Home was a simple but warm place. It consisted of two rooms made of mud with a thatched straw roof. A portion of the house was earmarked as a small kitchen where his mother cooked in an angithi. The part which was the kitchen had a raised mud platform. Here coals burned giving out heat and smoke which would make Vihaan cough. Sometimes Vihaan would watch the glowing coals fascinatedly. His mother cooked delicious vegetables and rice, curry and dal and sometimes fish. When the food was prepared, his mother would feed him first. In their small house, there was a shelf on the wall where photographs of Hindu Gods like Durga and Ganesh had been placed. His parents bowed before them every morning and evening. Vihaan learnt to do it too watching his parents. In the morning Lata would blow the conch shell, a sound which interested Vihaan. His mother would later light incense sticks before the Gods, or Bhagwans as he heard her call them as.

In another corner of the room hung a photograph of an old man with wizened skin and round spectacles sitting on his nose. Kindly eyes looked down upon him. He learnt that this was a photograph of Gandhiji who was almost as revered by Lata and Deepak as God. Vihaan’s father would often talk about Gandhiji. “I do not know our fate, but he was a great man who led India to freedom. Today India is free, but Goa is still under foreign rule. If only these Portuguese would go back to their own lands, then we too will become a part of India. I wonder if I will live long enough to see my dream come true.”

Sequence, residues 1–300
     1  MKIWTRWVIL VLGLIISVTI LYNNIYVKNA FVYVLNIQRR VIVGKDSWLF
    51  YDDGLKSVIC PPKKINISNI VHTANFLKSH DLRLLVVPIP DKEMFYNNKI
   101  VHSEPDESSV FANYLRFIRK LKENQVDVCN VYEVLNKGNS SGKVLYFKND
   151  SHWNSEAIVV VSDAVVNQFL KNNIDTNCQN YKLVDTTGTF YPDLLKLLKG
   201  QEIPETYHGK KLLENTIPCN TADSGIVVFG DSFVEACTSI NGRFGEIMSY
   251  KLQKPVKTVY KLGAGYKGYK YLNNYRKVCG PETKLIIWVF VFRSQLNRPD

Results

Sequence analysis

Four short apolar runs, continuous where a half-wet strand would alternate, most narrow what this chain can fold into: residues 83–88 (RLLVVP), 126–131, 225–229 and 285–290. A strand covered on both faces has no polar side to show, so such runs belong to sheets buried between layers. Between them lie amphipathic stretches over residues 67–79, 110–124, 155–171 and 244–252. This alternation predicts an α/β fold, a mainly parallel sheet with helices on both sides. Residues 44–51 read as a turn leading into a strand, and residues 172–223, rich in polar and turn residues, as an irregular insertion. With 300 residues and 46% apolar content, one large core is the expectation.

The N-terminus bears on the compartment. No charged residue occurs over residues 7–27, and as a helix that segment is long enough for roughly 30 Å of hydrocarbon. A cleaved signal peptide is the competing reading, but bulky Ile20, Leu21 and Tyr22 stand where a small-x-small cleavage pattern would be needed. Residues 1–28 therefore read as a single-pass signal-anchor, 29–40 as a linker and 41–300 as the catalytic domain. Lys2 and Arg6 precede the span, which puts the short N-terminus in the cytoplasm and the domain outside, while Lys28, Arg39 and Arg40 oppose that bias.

Lata chided him, “ You should remain positive and peaceful. You have done your bit for our motherland, and I am sure that soon we will live on a land free from Portuguese rule.”

Though India had got independence and the British were gone from India, but the Portuguese refused to go from Goa. There were few things for which Deepak was grateful to the Portuguese. It was they who had revived mining in Goa. Hundreds of workers like Deepak were employed thanks to the thriving mining industry. People from other states too came to Goa. Small towns sprung up. Deepak was mindful of the fact that industrial prosperity of the region had come at the cost of forsaking natural beauty. Trees, which had been standing for centuries, had been ruthlessly chopped and the once virgin forest now stood like open scars, ugly and dirty, from which iron was extracted. Deepak wished that there be a better way more learned men could come up with which could maintain a fine balance between preservation of natural resources and yet flourish industrially.